Department of health care policy research fellow Charley Willison, PhD, MPH, MA has published a book titled “Ungoverned and Out of Sight: Public Health and the Political Crisis of Homelessness in the United States” through Oxford University Press.
Offering a critical investigation into the relationship between local governments, chronic homelessness, and public health, the book seeks to understand the political processes that influence the homelessness policies in cities across the United States. Willison argues that decentralization of homeless policy governance to primarily non-governmental actors, fragmentation, and conflict across policy approaches reduces policy alternatives for publicly funded evidence-based approaches to chronic homelessness.
Millions of Americans experience homelessness at rates similar to or higher than other indicators of morbidity and mortality. Although acute or chronic homelessness contributes to adverse outcomes for people throughout their lives, there is little attention given to homelessness as a determinant of health or as a reflection of health inequalities.
“I wrote this book in response to our incredibly limited understanding of the systems responsible for designing and delivering responses to homelessness and homelessness policy in the United States,” Willison explains, “We know so much about health care institutions, but almost nothing about systems of governance for solutions to homelessness. While my book focuses exclusively on policy solutions to addressing chronic homelessness, the work the book does to identify and understand the governance structures responsible for homeless policy make it also broadly applicable to understanding responses to homelessness overall, how they work, and why they were developed.”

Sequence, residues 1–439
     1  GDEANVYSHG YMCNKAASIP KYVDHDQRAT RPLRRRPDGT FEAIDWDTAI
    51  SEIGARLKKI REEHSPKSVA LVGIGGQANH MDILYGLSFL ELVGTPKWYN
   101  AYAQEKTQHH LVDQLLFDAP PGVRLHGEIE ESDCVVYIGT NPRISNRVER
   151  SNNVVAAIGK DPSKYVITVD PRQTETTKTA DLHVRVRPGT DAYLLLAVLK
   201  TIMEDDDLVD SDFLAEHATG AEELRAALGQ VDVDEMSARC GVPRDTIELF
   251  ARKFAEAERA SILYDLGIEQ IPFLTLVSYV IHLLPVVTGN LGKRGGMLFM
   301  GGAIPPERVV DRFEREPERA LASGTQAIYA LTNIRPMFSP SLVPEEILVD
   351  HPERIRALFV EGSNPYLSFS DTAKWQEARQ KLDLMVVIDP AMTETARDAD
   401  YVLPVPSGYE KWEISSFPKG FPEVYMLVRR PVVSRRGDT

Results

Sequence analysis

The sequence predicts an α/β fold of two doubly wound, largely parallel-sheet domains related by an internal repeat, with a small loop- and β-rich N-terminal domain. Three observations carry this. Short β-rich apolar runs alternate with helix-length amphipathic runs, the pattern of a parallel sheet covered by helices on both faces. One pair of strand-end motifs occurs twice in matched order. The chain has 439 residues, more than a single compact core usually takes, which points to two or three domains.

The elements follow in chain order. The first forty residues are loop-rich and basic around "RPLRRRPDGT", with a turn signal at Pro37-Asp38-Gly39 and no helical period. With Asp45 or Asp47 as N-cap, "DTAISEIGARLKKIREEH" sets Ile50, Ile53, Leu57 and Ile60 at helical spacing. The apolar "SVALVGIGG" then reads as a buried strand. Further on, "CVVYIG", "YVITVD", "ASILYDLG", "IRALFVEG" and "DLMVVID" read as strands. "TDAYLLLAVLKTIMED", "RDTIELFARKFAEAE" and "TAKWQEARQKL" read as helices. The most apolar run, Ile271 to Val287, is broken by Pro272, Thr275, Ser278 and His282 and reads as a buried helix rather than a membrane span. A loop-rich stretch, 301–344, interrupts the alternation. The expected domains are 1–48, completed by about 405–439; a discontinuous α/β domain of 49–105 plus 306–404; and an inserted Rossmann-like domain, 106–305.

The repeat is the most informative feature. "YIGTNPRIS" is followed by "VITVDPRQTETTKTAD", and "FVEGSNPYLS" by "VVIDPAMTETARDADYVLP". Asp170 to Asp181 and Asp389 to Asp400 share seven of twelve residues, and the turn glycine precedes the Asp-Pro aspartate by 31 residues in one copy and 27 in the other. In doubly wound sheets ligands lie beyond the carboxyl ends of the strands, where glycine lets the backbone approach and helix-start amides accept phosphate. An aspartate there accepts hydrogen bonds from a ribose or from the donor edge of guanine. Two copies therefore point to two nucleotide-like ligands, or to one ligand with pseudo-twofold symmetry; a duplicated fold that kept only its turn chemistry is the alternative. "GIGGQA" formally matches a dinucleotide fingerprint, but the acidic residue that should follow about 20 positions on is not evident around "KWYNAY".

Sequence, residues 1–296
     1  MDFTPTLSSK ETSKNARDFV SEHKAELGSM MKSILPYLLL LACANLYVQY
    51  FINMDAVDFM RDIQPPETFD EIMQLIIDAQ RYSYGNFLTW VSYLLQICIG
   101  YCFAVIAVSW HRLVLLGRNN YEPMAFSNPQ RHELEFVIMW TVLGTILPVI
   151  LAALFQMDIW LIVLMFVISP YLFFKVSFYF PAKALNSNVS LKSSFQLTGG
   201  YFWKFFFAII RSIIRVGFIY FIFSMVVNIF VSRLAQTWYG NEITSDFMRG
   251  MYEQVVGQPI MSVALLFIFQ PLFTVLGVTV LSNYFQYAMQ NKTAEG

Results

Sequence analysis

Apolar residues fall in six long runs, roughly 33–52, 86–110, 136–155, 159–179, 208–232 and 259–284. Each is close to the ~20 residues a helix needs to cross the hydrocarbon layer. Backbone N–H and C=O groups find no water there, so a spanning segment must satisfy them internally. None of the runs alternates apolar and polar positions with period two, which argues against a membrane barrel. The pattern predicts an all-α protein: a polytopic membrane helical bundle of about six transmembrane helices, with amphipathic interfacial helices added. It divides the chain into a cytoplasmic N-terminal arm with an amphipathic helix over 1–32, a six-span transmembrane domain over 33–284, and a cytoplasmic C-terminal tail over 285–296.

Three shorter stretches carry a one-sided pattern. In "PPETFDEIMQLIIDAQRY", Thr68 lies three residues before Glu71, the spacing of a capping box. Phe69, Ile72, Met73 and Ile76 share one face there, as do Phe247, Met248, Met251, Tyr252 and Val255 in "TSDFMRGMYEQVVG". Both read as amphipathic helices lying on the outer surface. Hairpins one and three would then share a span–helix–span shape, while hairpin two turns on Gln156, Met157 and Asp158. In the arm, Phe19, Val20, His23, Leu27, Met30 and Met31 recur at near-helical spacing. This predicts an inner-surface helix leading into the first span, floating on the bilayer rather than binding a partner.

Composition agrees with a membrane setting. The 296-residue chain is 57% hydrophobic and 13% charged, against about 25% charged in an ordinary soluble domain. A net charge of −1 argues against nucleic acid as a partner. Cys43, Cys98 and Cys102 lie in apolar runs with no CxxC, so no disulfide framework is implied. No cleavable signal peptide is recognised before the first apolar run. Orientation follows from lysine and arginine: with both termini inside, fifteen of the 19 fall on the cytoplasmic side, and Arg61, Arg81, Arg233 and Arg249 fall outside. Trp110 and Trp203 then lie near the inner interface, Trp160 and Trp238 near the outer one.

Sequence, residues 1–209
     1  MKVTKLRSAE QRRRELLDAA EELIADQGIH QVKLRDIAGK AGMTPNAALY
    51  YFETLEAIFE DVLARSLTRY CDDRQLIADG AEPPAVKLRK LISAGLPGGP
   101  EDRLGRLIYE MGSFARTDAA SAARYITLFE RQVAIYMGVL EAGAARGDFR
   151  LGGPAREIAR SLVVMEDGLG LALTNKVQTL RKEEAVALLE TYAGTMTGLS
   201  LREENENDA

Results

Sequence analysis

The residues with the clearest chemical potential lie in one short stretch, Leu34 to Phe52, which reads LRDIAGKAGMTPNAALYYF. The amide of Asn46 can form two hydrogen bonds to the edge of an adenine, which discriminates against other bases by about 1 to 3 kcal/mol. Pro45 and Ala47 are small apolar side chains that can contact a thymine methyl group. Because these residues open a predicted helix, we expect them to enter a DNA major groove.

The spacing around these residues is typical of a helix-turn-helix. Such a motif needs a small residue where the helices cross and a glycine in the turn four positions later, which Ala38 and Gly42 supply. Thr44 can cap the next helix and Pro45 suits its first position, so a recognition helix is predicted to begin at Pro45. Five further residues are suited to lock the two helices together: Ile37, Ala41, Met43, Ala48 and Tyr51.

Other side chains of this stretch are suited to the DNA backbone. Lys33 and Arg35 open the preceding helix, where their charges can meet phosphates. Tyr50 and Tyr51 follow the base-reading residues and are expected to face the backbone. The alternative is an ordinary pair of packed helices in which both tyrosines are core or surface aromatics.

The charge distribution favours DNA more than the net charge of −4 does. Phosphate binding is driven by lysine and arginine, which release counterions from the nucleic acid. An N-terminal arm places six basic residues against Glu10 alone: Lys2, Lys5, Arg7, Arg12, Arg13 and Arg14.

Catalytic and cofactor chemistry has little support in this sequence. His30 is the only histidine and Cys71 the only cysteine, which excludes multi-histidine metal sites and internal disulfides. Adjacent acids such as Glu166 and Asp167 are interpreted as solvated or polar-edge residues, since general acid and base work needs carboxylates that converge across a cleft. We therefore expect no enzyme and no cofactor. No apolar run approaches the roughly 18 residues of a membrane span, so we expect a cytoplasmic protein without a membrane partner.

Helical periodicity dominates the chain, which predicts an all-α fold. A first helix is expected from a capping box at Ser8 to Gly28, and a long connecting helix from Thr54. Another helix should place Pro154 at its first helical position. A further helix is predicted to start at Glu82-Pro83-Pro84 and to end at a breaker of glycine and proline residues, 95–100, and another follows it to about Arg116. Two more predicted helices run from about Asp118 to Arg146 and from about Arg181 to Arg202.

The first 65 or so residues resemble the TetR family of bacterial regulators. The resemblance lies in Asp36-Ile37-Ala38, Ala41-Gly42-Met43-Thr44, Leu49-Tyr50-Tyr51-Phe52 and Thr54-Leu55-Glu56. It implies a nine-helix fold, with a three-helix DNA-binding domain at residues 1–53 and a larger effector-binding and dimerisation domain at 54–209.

Drawing on research from case studies based in San Francisco, CA, Shreveport, LA and Atlanta, GA, as well as exclusive interviews with public actors involved in local homeless policy decision-making including government officials and practitioners, Willison explores conflicting policy solutions in municipalities across the country. She provides recommendations for practitioners, policymakers, and students aimed at improving homeless governance systems and developing policies that will effectively abolish chronic homelessness.
As an NIMH trainee research fellow in the department of health care policy, Willison collaborates with Henry J. Kaiser Professor of Health Care Policy Haiden A. Huskamp, PhD and Margaret T. Morris Professor of Health Economics Richard G. Frank, PhD. Willison will continue to focus on identifying the primary governance structures for solutions to homelessness in the United States, the Continuums of Care, and the entities that receive federal funding to address homelessness in collaboration with colleagues at the University of Michigan School of Public Health and Johns Hopkins Bloomberg School of Public Health.